Genetics of the Retinal Dystrophies

Abstract

The inherited retinal dystrophies (IRDs) are a group of heterogeneous disorders that individually are rare, but collectively have an incidence of 1 in 2000–3000 affecting an estimated 2 million people worldwide. The main cause of vision loss is the death or dysfunction of the photoreceptors, the rods and cones, leading to either partial or total blindness. To date, over 260 genes underlying the monogenic forms of IRDs have been identified, but there are still many to find. These disorders exhibit a wide range of phenotypes with significant overlap, but they can be broadly subdivided on the basis of retinal cell type affected. Understanding the underlying genetic cause enables patients to get a definitive diagnosis and in turn allows the development of therapies targeted to a specific gene defect, with both gene therapy and gene‐editing techniques showing great potential and suggesting a promising future for people living with these conditions.

Key Concepts

  • The retina is the photosensitive tissue that lines the inside of the eye; it is multilayered and is composed of highly specialised cells that receive and process light information.
  • The inherited retinal dystrophies are a group of diseases that individually are rare, but collectively affect approximately 2 million people worldwide.
  • The main cause of vision loss is the death or dysfunction of the photoreceptors, the rods and cones, leading to either partial or total blindness.
  • Most inherited retinal dystrophies have been found to be caused by monogenic mutations in genes, although more complex forms, such as age‐related macular degeneration (AMD), caused by an interplay of genetic, environmental and lifestyle factors, also exist.
  • To date, more than 260 genes have been identified that cause monogenic retinal degeneration in humans.
  • The most common inherited retinal degeneration is retinitis pigmentosa (RP). More than 70 genes have been found to cause RP and can be inherited in an X‐linked, autosomal dominant or autosomal recessive manner.
  • IRDs exhibit both genetic and phenotypic heterogeneity, meaning that different genes can cause the same disease, and the same mutation can cause different disease phenotypes in different individuals. This means that there is a significant overlap between disorders often making a clear‐cut diagnosis difficult.
  • Recent advances in molecular genetics have seen gene therapy trials show some success in patients, but most conditions remain without a cure; however, recent advances in molecular technology have improved our understanding of IRDs and will further aid development of therapies with gene‐editing techniques an exciting prospect.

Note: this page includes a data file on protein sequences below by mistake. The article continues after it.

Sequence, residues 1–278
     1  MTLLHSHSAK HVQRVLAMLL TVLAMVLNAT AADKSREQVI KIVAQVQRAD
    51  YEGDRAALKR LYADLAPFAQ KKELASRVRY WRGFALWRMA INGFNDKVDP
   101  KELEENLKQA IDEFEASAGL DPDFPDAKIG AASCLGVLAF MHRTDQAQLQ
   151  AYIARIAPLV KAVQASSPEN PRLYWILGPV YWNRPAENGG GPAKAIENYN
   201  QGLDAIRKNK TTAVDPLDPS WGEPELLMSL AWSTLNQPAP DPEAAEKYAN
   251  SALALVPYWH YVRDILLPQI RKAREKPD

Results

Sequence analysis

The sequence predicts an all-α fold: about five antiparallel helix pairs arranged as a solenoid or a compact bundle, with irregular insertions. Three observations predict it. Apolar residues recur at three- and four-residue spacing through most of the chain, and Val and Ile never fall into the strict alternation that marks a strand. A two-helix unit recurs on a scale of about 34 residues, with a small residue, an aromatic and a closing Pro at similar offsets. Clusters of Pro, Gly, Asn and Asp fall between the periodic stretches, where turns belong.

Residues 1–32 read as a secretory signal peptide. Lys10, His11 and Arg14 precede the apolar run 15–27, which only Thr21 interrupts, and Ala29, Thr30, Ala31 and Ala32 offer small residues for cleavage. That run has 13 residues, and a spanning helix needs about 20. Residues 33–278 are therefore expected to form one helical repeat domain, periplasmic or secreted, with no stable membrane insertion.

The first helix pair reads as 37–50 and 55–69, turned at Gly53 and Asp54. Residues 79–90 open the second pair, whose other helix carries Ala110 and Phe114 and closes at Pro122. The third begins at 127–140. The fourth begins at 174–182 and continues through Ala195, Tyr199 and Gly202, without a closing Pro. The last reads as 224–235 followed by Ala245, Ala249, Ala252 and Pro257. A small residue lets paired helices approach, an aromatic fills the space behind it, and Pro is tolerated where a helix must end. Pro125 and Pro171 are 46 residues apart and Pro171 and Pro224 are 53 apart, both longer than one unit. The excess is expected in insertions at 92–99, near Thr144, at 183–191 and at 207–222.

Keywords: retina; genes; mutations; retinitis pigmentosa; photoreceptor; inherited retinal dystrophies; vision; gene therapy; genome editing

Figure 1. Cross section of the human eye. Light travels through the clear cornea and is focused by the lens (adjusted by the ciliary muscle) onto the retina. In humans and primates, most light is focused onto the cone‐rich fovea which mice lack.
Figure 2. Anatomy of the mammalian retina. (a) Nuclear layers of the retina. Haematoxylin and eosin staining of P21 mouse retina cross section showing the three cell layers (outer nuclear layer (ONL), inner nuclear layer (INL) and ganglion cell layer (GCL)) separated by the two neuropils (outer plexiform layer (OPL) and inner plexiform layer (IPL)) where synaptic connections between cells occur. (b) Cell types of the retina. Rod and cone photoreceptors form synaptic connections with bipolar and horizontal cells in the OPL. Bipolar cells carry their signals to the amacrine and ganglion cells in the IPL, and then ganglion cell axons carry signals to the brain via the optic nerve. Müller glia provide structural support to the other retinal neurons.
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Merepa, Solomon S, Broadgate, Suzanne, Sekaran, Sumathi, and Halford, Stephanie(Jun 2018) Genetics of the Retinal Dystrophies. In: eLS. John Wiley & Sons Ltd, Chichester. http://www.els.net [doi: 10.1002/9780470015902.a0028116]